Thanks to Female Science Professor for sharing this post about a conversation she had with a male colleague. He displayed a curious lack of sympathy for a scientist who had compromised her career for her family:
I said: Think about how she feels. She has a PhD, did a postdoc, wrote some high profile papers, but then took a technician job at the institution where her husband is a big professor. She’s good enough to have been a professor in her own right, but instead she spends her days helping others do their research, with no hope of advancing in her career.
My colleague looked puzzled. He said: She has nothing to complain about. She has a job and she and her husband live in the same place.
That’s when Female Science Professor realized that her colleague’s attitude might result from the fact that he, like plenty of other academics, had made the opposite, but no less difficult, choice.
My colleague and his wife live several hours apart owing to complicated job/family issues. His wife is not an academic, but it still has not been possible for them to live in the same place for the past few years. He was thinking of the situation from the point of view of ‘how lucky this couple is to be together in the same location’.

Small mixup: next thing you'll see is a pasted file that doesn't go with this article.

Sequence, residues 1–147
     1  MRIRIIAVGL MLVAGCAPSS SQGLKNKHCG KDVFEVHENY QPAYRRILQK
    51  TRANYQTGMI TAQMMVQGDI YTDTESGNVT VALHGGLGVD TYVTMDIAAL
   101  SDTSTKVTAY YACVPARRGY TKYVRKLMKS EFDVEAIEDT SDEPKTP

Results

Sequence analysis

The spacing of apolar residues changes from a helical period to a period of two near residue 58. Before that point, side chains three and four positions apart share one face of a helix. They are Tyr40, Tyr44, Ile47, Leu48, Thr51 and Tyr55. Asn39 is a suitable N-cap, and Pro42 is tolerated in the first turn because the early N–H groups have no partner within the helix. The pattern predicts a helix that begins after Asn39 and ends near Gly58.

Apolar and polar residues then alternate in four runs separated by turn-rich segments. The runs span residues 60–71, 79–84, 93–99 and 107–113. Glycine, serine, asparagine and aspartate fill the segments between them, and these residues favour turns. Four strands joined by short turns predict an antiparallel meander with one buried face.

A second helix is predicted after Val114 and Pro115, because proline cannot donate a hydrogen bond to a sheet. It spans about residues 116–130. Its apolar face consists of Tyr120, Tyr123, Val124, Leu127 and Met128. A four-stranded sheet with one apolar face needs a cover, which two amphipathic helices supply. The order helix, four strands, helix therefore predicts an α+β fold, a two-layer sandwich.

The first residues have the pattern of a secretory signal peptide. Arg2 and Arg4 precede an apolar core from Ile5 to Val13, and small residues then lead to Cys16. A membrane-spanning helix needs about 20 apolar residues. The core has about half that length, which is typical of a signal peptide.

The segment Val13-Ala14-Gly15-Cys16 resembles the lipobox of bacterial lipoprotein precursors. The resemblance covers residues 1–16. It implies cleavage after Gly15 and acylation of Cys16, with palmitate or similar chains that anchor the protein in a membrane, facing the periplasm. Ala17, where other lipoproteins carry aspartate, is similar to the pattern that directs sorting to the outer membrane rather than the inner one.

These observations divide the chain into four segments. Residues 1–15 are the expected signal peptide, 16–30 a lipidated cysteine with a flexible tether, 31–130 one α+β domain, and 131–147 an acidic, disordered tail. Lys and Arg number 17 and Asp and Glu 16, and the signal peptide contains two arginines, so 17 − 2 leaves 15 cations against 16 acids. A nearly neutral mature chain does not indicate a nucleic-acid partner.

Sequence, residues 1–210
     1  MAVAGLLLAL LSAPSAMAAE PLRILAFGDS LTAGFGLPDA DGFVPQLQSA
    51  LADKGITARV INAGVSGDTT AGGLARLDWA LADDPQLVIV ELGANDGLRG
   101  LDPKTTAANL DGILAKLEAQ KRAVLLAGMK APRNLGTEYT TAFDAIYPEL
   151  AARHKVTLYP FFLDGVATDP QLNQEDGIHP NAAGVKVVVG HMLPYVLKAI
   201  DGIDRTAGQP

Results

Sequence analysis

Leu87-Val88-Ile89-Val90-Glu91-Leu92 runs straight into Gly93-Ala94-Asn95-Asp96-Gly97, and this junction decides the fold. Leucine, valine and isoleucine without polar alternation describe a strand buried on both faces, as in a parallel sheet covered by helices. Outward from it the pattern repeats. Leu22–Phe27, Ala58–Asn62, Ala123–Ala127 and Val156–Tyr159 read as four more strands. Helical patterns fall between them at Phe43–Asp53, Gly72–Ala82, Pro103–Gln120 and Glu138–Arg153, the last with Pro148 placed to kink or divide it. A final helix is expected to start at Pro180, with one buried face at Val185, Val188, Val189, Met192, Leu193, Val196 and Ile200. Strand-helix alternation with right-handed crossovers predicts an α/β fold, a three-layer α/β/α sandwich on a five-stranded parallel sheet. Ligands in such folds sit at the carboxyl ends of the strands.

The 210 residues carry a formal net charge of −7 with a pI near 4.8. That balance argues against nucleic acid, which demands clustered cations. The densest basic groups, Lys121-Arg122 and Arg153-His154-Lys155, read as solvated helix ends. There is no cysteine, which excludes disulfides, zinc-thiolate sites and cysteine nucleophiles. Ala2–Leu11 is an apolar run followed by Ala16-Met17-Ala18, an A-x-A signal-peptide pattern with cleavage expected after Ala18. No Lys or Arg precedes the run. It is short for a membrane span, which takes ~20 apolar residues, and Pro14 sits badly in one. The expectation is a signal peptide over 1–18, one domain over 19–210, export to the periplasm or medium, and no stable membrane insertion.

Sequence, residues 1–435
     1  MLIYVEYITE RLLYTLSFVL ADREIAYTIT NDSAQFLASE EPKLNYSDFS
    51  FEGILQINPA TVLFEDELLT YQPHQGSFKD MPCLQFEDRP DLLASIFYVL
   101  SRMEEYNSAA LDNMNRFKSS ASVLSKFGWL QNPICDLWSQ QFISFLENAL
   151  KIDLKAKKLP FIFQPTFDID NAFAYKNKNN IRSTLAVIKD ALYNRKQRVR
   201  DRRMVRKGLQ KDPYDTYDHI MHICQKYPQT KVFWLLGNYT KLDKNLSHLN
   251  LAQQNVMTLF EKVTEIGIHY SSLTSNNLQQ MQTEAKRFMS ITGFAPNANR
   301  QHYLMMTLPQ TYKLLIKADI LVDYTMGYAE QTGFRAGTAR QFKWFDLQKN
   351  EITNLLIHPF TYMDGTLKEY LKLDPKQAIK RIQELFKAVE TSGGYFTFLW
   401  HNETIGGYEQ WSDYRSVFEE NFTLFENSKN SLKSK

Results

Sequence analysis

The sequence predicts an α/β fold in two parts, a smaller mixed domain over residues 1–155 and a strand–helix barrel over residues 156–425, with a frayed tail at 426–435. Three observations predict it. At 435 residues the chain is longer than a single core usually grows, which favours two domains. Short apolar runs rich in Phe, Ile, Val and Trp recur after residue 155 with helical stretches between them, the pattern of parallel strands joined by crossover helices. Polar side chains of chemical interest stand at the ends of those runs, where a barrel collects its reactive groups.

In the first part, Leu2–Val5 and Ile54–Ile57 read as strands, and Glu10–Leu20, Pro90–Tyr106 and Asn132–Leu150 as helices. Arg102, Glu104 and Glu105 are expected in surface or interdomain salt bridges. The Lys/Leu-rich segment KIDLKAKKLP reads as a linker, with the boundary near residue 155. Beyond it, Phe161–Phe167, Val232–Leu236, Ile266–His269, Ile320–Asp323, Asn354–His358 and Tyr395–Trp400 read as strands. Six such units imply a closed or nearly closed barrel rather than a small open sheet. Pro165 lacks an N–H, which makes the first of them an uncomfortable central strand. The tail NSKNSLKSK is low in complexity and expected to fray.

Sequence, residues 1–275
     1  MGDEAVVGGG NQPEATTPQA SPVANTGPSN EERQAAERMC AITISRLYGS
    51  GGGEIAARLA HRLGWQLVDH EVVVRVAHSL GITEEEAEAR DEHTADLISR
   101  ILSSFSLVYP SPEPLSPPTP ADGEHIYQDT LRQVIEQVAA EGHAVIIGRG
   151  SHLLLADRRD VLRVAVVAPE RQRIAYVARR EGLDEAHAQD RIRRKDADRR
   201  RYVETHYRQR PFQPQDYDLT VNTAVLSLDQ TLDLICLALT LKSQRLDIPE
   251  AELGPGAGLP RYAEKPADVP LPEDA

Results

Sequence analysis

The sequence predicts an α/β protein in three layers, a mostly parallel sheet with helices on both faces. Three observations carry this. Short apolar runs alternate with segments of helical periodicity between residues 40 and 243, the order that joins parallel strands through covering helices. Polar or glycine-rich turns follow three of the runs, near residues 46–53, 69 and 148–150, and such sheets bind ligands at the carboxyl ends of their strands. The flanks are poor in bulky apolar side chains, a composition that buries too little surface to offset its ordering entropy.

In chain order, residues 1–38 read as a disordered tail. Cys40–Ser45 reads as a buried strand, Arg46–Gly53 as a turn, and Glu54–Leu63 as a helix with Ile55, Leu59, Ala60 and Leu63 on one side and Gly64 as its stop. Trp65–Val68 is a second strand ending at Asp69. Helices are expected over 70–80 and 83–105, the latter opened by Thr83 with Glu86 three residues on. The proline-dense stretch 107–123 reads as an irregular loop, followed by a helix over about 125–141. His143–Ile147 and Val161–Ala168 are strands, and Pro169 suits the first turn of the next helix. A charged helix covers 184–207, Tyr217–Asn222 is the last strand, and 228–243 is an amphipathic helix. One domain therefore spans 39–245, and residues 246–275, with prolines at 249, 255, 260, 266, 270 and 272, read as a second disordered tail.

Still, that’s all the more reason why he should appreciate the technician’s plight, Female Science Professor writes:
The reason my colleague and his wife live apart is because each of them would be unhappy if they gave up their present job and look a less desirable job in their spouse’s current city of residence.
Perhaps living apart is so difficult that his instinctive reaction involves his wish to live in the same place as his wife, rather than first considering the reality of what that would involve if his wife quit her job, moved to his city, and took a job she didn’t like. I am sure he is well aware of that, but his longing to have his family together dominates his feelings and point of view.
In the case of the technician, she probably compromised her top career choice because she thought it would be best for all concerned, and that can’t have been an easy thing to do, FSP writes. Others would be wise to keep that in mind.
Tell us about the career/family compromises that you’ve faced.Return to Top